Because when you’re starting, you’re never going to hit a 70% margin on every single deal that you’re looking at. You’re not going to just get a deal. You’re trying to build wealth. For Thach, you’ve changed your criteria to meet where you are in life and what makes sense to you. For the brand new person starting out, don’t think, “I need to go hit Thach’s criteria.” If you can, awesome. But for some of those people, if they’re at 75% all in instead of 70 or even 80, it still makes sense to buy that deal. You see these things change as you grow.
Because I was thinking as you were talking, I have three criteria. My categories are the exact same as yours, equity, cashflow, neighborhood. Those are the three things I look at. But our actual criteria within those categories are different because you’re further ahead. It makes more sense for you to be there, and this just plays to our point of you can’t just copy someone else’s model and think you’re going to go out there and do what they do. You’ll never get anywhere, but you still can copy the principles of what they’re doing.

Thach:
Yes, yeah. I would say if someone’s new, definitely like Lorenz, my videographer person, I’m teaching him how to go out and prospect and find deals. I teach him, “If you’re going to go prospect three, four hours a day, why go prospect in the area that don’t have much appreciation or low rent? You might as well spend the same amount of hour prospecting in the area that give you better return, better on your money.” It’s a choice. So if you’re newer in the game, just figure out what area has better rent, what area has better appreciation, and spend your prospecting time there because you’re still spending the same amount of hours anyways.
Then the third point is that whatever you believe is possible, you’re going to attract. If you believe that you can get 10% margin, you will always attract 10% margin. If you believe that you can get 20%, you could get 20%. The whole key is in Seattle the average flipper, they make about 10, maybe 15% margin. The problem is that become the reality in this game. So I tell Lorenz when he’s new in the game, “Don’t listen to that reality. Listen to the reality that someone like me is telling you,” because now I’m brainwashing him with a different reality.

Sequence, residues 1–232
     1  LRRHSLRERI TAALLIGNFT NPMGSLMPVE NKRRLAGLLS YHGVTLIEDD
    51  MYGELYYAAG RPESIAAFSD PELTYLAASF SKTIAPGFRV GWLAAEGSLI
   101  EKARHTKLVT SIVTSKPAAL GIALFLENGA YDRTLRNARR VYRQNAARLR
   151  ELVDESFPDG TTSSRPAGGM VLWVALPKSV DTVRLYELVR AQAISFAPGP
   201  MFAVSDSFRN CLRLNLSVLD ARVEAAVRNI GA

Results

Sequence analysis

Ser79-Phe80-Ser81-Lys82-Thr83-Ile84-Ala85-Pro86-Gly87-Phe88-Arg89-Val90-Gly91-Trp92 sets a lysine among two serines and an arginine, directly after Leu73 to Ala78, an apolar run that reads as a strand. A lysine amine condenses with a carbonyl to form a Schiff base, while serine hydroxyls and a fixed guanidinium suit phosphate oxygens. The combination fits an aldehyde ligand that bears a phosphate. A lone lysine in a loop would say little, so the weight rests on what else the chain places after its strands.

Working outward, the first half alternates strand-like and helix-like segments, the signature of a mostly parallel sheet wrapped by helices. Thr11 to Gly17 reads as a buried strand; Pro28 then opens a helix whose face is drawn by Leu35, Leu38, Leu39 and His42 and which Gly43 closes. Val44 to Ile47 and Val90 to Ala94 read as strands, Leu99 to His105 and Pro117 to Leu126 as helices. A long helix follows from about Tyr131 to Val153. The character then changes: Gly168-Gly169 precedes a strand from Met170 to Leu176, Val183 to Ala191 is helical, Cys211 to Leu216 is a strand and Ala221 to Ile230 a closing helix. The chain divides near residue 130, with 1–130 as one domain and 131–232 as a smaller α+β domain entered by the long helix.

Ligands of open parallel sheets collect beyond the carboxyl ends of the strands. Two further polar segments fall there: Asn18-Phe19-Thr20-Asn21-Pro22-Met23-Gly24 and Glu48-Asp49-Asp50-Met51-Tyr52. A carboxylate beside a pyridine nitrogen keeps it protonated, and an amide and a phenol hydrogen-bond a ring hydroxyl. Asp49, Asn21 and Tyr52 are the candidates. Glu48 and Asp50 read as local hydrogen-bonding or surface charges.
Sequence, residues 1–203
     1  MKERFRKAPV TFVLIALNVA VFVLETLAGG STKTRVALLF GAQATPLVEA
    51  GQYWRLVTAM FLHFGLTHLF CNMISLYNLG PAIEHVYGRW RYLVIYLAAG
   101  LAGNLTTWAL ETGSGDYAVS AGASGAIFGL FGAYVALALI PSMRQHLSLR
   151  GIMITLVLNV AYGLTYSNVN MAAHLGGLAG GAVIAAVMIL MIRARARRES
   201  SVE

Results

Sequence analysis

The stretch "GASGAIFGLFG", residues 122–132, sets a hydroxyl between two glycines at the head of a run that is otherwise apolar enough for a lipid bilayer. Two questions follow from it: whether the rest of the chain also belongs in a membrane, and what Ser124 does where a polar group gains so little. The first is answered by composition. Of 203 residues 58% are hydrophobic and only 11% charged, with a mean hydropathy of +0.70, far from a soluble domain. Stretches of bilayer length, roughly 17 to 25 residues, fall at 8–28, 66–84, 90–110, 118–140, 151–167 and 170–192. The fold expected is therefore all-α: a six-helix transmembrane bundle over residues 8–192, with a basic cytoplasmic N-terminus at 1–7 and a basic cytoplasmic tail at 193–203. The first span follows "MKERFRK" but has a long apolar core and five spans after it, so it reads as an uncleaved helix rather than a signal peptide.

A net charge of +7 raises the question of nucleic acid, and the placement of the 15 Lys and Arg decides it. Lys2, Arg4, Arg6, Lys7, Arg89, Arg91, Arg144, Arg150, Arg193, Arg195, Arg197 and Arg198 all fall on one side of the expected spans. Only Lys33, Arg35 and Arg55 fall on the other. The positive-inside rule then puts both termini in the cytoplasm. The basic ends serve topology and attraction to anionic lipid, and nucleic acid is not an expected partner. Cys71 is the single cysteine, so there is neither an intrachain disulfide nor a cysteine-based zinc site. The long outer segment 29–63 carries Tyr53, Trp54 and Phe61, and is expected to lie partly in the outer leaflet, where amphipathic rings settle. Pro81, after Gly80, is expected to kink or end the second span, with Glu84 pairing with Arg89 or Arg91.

It’s all exposure out there too. That’s why I love doing these podcasts with people who are playing big because it’s not that I have more experience, which I have gone through a lot of mistakes. And I tell people, “You don’t have to make the mistake. You can learn from other people’s mistake. If you go find an area that have better rent, better margin area, and better appreciation, start playing in that sandbox and you will find better opportunity. And you work your way up to finding better margin in that sandbox.”

David:
That’s smart.

Brandon:
Hey, for anybody who wants to know more, go deeper on this, I know Thach, you recently did a video with Tarl, who’s a mutual friend of ours.

Thach:
Oh, yes.

Brandon:
Yeah. It’s on the BiggerPockets’ YouTube channel. It’s called How To Start Thinking Like A Big Time Real Estate Investor. It was phenomenal. I want to recommend it to everybody. We’ll actually put a link to it in the show notes as well for this show, but go check it out. Yeah, How To Start Thinking Like A Big Time Real Estate Investor. You can just type that whole phrase into YouTube. Really, really good stuff.

David:
I wanted to ask you, Brandon, you’re in a very similar situation. You’re in an expensive market, Maui, just like what Seattle is. You’ve got your hands in a couple different methods, and you’re creating a synergy between all of them. What have you found since you’ve moved to Hawaii? How has your business changed and how has your mindset changed when it comes to what strategies you’re going to use?

Brandon: